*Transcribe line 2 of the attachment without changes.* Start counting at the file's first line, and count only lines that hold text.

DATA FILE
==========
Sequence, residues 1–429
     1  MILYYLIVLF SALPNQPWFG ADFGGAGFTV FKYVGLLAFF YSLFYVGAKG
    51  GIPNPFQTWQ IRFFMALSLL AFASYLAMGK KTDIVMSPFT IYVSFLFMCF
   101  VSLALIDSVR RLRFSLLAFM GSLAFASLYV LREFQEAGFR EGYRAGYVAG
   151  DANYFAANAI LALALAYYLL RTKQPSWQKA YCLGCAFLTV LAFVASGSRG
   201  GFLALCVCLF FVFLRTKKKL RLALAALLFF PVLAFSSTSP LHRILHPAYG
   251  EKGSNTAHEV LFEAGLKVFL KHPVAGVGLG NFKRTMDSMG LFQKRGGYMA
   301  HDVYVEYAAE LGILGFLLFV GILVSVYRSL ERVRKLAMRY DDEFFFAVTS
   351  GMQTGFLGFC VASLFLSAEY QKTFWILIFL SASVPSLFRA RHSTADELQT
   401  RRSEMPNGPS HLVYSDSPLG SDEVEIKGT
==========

     1  MILYYLIVLF SALPNQPWFG ADFGGAGFTV FKYVGLLAFF YSLFYVGAKG